A matter of Attitude
10 April 2020
TUMBY BAY - Further to my article the other day about PNG Attitude’s old duffers chewing over world affairs (with apologies to Charles Duffer) it occurred to me that they represent a rare collection of thinkers.
I’ve been casting around for a term that describes them but haven’t come up with anything appropriate so far. PNG Attitudism doesn’t really cut it.
I guess they are progressive-leaning with an odd ginger of conservative input. Important too is that they are a mix of Australians and Papua New Guineans - rare in itself.
There is a strong ex-kiap element along with teachers and other professions, plus a bit of business and media influence.
When you look at some of the articles they write, the quality is impressive. A few of them have even attracted a personal following.
I always look forward to anything the meticulous Chris Overland contributes and also enjoy the acerbic Bernard Corden and, lately, Jim Moore. Paul Oates is always reliable for a level-headed view on most subjects.
From the Papua New Guinean side anything that Francis Nii writes is compulsory reading. So too are articles by Daniel Kumbon. And I look forward to new poems by Michael Dom and many others. And who would want to miss another short story from Baka Bina?
Two things have surprised me over the years. The first is the progressive mindset of the kiap writers. I had formed the view many years ago that most kiaps were of a conservative bent but I’ve since had to reassess that assumption.
The second thing also revolves around conservatism but in relation to the Papua New Guinean writers.
My notion that writers from a country with a strong Christian ethos would be predictable and boring was quickly put to rest. I now know that there is a strong secular streak alive and well up north and that Papua New Guinean Christians are not without wit.
In the absence of Australian media interest in Papua New Guinea those writers, Christian or secular, keep us informed about events we might not otherwise hear about.
And they are not afraid to criticise their government or call out bad behaviour. This is indeed refreshing and knits nicely with equally critical commentary by Australian writers about our government.
In my previous article I noted how, following the Covid-19 crisis, the views expressed on PNG Attitude match views among other people around the globe. This sort of prescience is a feature of PNG Attitude over a range of subjects ranging from Chinese influence through to more mundane issues of governance and accountability.
Another refreshing feature is the equality between the Australian and Papua New Guinean writers (and readers). It is a feature not so often obvious between our two governments.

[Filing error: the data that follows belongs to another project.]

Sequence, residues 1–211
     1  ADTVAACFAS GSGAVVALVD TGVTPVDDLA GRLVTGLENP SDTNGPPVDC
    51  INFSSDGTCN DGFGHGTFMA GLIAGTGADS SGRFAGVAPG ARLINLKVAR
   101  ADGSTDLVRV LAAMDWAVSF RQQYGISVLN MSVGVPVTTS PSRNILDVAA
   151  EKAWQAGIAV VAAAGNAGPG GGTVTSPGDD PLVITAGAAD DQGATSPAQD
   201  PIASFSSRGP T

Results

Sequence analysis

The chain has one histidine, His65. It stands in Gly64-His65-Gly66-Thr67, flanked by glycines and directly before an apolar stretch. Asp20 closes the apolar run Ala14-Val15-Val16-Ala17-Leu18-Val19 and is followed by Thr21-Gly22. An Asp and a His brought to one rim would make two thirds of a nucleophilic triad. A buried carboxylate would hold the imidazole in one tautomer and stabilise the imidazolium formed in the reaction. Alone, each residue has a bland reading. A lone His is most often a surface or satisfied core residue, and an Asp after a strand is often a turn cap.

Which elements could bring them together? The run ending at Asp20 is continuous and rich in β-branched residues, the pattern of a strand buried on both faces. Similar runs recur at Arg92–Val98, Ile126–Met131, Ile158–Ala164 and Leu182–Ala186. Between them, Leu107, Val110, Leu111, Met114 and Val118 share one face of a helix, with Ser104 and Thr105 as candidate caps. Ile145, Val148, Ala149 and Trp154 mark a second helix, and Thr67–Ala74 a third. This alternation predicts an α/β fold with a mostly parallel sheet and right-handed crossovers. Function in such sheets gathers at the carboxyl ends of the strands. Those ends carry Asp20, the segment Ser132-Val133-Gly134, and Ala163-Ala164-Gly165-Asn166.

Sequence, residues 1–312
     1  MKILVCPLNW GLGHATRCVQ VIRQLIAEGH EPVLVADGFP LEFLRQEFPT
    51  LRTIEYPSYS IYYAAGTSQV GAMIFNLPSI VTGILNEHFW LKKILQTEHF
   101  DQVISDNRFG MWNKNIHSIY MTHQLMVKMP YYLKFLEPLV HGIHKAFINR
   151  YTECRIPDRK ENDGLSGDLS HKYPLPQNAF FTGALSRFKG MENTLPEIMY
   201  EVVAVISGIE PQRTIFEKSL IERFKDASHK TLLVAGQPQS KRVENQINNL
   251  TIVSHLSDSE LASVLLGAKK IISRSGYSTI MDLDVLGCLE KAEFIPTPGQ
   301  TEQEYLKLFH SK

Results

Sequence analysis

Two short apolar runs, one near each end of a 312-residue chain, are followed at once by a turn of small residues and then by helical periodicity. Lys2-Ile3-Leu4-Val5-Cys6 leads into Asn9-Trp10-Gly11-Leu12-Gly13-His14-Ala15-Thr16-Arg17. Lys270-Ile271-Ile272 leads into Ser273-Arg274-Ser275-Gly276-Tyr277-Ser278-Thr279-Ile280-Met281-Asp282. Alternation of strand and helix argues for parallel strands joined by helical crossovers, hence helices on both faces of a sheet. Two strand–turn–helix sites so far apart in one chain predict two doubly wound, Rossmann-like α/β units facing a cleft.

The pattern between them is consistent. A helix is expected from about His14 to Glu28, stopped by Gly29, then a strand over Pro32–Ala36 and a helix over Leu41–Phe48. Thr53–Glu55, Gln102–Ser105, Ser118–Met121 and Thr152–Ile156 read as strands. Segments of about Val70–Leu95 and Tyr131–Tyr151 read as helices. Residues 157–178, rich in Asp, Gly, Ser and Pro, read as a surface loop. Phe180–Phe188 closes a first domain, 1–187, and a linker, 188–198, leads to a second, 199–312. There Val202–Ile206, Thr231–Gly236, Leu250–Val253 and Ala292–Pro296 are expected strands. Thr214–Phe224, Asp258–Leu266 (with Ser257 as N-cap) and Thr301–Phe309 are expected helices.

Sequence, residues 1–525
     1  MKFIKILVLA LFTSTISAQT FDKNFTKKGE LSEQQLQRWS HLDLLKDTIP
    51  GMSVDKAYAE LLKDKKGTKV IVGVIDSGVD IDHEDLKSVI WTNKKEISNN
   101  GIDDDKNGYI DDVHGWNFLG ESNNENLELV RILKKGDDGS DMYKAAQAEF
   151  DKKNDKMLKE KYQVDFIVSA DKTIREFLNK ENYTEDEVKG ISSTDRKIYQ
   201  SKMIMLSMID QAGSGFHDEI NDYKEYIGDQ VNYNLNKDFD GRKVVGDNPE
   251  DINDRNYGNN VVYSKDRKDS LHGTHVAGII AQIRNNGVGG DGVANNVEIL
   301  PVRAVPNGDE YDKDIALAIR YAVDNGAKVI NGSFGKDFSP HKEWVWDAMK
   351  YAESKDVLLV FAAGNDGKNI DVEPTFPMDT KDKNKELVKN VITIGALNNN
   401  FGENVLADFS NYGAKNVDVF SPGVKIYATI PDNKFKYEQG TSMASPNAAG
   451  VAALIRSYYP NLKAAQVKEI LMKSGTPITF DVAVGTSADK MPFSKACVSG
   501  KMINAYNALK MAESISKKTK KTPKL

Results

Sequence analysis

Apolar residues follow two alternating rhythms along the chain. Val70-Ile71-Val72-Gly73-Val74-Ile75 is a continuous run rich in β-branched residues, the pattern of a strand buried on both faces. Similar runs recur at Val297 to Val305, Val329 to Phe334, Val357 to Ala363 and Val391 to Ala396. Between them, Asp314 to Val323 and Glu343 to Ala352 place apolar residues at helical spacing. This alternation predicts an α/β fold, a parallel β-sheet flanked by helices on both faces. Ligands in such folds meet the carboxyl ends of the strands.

Even if Australia is seen to have failed occasionally in its colonial role it appears to have succeeded at the personal level.
Could these commonly held views represent something like a PNG Attitude philosophy?
There once was a kiap philosophy. It was never written down in anything like a mission statement but it was always understood.
Perhaps elements of that early philosophy have lingered on and now inform some of the things that are written for PNG Attitude.
I don’t know whether tisas, didimen or mastamaks had similar philosophies but, if they did, maybe they have survived in a similar way.
A philosophy is generally accepted as a set of views and beliefs about life and the universe, which are often held uncritically.
Does that definition fit? There are certainly disagreements among the writers and commentators so I guess there isn’t really anything resembling a philosophy binding them together.
What about a school of thought?
A school of thought is the perspective of a group of people who share common characteristics of opinion or outlook. That sounds better I think.
But then again, why does whatever it is have to have a label? I’ve never liked labels much.
Putting people in boxes or squares is never a good idea and I cannot imagine the writers of PNG Attitude being that confined.
Lots of them think outside the square. In fact, that’s another feature that characterises many of the writers.
Perhaps I’m just trying to be too analytical. I’ll have to watch that, it could spoil the whole experience.
A good point Garry. I think the term is 'altered consciousness'. PNG certainly had that effect on many expatriates who worked there, particularly in professions that brought them into close contact with the local people. Some, of course, were impervious to such influence.
Perhaps the Papua New Guinean writers already inhabited that realm of consciousness and the expatriate thinkers have just fallen in line with them.
When you think about it that way it makes you wonder who colonised who.
Posted by: Philip Fitzpatrick | 11 April 2020 at 09:46 AM
Break the yokes, Folks. Have a Happy Easter.
Posted by: Lindsay F Bond | 11 April 2020 at 08:50 AM
Phil, could it be that the contrast of cultures is one of the reasons why many of those you list are, as you put it, 'a rare collection of thinkers'. Kiaps and chalkies were confronted with cultures that were in general very very different from the cultures they grew up in. This called for the abandonment of a lot of cultural presumptions and presuppositions, and called for serious rethinking about life itself. In a somewhat similar way, the emerging PNG writers also had to face new cultures, new audiences, new circumstances.
Posted by: Garry Roche | 11 April 2020 at 01:26 AM